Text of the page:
face and slider controls, you can enter numerical
values in the data fields by the controls or even use the arrow tool to grab and drag the
shadow around your image while the layer style
pop-up is still open.

You may have noticed that
near the top is a checkbox that says use global light. This means that you
can have multiple items with exactly the same settings, and then change them all
at the same time as well. It's particularly useful if you have a large
composition with multiple items that you may wish to adjust in the future, So you can match all of
their exact shadow values. The next option to keep
in mind is the spread, and this adjusts the feathering
or blurring of the edges. When you move it to zero,
it's feathered very well, but moving it to 100%, the
shadow is very sharp and solid. The next one is size. This simulates diffusion of
light affecting the object or the size of the light
source in question, making the shadow appear softer. If you're a beginner, the best way to get the desired effect is simply through trial and error. So spend some time playing
around with the sliders.

Below the structure section
you have the quality section, where you can change the
contour and add noise. Contouring is usually less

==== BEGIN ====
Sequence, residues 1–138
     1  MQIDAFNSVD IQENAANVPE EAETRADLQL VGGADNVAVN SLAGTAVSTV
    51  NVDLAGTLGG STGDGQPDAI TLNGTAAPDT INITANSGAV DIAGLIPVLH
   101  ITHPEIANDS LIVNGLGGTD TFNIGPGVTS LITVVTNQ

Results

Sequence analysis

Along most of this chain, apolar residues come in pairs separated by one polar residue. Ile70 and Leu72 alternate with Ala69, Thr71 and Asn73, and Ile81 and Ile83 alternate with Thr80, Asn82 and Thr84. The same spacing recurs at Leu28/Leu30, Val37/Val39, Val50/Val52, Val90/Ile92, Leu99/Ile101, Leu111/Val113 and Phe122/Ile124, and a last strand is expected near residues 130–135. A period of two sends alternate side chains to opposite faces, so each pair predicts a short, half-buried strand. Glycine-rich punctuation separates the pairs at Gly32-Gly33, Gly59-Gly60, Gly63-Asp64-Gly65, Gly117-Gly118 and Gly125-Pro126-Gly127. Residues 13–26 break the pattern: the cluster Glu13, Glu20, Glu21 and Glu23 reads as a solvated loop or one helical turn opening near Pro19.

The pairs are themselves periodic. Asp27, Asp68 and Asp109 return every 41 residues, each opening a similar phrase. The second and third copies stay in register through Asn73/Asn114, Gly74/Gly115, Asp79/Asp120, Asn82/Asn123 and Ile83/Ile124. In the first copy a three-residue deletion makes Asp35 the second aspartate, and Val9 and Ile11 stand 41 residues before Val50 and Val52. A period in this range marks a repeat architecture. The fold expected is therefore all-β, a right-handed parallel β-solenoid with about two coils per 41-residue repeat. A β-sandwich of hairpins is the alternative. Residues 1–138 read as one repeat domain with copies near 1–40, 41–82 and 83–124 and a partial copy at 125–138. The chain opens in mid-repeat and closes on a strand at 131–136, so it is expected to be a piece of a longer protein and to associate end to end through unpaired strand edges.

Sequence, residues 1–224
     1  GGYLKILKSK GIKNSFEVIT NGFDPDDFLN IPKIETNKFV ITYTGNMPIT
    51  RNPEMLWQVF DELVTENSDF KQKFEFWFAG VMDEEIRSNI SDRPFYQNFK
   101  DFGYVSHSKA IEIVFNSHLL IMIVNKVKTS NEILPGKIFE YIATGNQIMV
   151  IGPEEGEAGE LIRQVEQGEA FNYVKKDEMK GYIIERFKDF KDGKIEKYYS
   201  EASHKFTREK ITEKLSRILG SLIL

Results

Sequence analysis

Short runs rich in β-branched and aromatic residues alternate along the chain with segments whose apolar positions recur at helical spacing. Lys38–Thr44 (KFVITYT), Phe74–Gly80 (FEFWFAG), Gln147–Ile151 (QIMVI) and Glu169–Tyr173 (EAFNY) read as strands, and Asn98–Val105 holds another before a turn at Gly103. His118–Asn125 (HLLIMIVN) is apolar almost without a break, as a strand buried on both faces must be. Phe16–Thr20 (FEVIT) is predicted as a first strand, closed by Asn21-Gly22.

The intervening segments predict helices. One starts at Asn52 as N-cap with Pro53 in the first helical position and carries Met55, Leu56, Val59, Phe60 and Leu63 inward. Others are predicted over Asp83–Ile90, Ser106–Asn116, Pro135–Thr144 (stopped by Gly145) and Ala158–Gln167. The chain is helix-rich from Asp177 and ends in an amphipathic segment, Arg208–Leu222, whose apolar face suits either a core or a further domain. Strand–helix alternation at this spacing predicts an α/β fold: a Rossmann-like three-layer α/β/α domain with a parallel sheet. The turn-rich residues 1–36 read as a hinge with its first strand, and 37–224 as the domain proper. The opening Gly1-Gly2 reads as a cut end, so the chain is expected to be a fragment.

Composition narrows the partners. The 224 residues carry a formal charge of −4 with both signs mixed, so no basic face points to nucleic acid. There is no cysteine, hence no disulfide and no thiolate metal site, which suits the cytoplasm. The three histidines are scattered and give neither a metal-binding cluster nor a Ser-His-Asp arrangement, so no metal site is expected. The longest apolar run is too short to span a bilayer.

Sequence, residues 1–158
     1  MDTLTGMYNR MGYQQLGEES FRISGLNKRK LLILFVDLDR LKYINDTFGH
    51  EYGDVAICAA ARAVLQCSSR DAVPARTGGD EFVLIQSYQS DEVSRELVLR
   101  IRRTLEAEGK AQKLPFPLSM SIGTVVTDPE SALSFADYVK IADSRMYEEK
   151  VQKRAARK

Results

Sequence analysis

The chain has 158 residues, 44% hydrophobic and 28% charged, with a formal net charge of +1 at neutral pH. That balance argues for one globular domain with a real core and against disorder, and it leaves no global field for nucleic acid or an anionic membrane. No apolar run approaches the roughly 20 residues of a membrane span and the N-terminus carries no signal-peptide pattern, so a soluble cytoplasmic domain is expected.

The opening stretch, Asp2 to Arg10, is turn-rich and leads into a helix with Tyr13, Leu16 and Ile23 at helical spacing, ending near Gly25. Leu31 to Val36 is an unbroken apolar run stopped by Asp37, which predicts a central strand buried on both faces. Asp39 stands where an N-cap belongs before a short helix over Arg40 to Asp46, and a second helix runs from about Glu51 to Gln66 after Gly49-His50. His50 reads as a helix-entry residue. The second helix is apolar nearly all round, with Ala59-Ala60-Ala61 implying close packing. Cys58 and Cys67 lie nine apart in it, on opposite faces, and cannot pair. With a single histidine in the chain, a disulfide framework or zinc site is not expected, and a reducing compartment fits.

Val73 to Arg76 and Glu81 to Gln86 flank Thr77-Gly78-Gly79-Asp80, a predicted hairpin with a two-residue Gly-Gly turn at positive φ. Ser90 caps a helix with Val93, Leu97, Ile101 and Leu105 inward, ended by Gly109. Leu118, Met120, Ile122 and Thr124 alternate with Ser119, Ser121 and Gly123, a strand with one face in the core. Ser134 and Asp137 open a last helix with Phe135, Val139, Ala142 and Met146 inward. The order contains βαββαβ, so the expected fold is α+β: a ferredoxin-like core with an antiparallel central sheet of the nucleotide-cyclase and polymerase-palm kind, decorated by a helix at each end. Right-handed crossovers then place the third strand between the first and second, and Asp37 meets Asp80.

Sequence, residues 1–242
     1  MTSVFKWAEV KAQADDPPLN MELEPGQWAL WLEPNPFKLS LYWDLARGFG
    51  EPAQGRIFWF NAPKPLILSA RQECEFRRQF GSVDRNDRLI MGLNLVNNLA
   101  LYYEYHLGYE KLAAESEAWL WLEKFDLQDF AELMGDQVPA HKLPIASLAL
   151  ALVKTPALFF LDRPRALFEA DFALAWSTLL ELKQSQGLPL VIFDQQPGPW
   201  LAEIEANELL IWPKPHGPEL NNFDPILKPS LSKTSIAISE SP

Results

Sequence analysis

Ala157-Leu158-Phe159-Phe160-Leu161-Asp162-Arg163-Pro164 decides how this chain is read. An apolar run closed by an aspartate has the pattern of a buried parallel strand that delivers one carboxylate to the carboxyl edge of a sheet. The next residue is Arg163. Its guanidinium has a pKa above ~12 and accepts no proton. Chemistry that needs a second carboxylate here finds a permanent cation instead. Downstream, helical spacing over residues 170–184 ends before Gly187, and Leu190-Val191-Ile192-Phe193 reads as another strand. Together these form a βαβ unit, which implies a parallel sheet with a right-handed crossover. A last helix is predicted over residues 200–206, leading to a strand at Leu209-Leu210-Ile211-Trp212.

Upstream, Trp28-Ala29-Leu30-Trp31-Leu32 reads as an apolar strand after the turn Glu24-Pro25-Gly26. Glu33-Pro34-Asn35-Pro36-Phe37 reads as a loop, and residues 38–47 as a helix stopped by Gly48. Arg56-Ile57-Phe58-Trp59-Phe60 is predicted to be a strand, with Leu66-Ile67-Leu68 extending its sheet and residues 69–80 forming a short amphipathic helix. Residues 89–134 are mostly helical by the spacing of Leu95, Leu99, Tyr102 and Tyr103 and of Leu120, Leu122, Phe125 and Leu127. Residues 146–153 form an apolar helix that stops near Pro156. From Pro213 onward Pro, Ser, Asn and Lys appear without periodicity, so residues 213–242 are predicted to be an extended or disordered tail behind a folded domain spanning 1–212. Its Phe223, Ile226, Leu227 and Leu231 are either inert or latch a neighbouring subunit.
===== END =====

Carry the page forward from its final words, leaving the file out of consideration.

for traditional shadows, but more for a stylistic
enhancement to things like text. So that's the most basic way
of manipulating drop shadows. But whilst the built-in tool
was brilliant for basic use, graphic designers will prefer
to create a manual shadows that are manipulated perfectly.

So another way to add a drop shadow is via the duplication method. (electronic beats) Rather than relying on
Photoshop's own drop shadow tool, this method creates an additional layer that duplicates your original graphic, and uses that as the
basis for your shadow, allowing a greater scope for
editing and manipulation. We'll start off with some basic text by pressing the text layer button. Clicking on the comp and
typing out what we'd like. To make it easier to distinguish, I'll make this layer red
and press the enter key on the right-hand side of the
keyboard to commit changes.

Next I'll click on the
layer and AltDrag it below, or Option-Drag if you're on a Mac. Or alternatively, Ctrl or Cmd + J. I'll then change the text for
the duplicated layer to Black. And you'll see that when
we hide the top layer, using the eye icon, the layer behind is revealed. If you're creating a duplicate
of a coloured graphic to serve as it's own shadow, you'll need to make the
duplicate flat black before you start manipulating
it to resemble a shadow.

You can do this by right-clicking
on the duplicate layer in layers, selecting blending options, then check the colour overlay tick box and select black as the overlay colour. We'll rename the bottom
layer our shadow layer, so it doesn't get confusing. With our shadow layer selected, we'll press Ctrl or Cmd +
T to enable free transform. That brings up the blue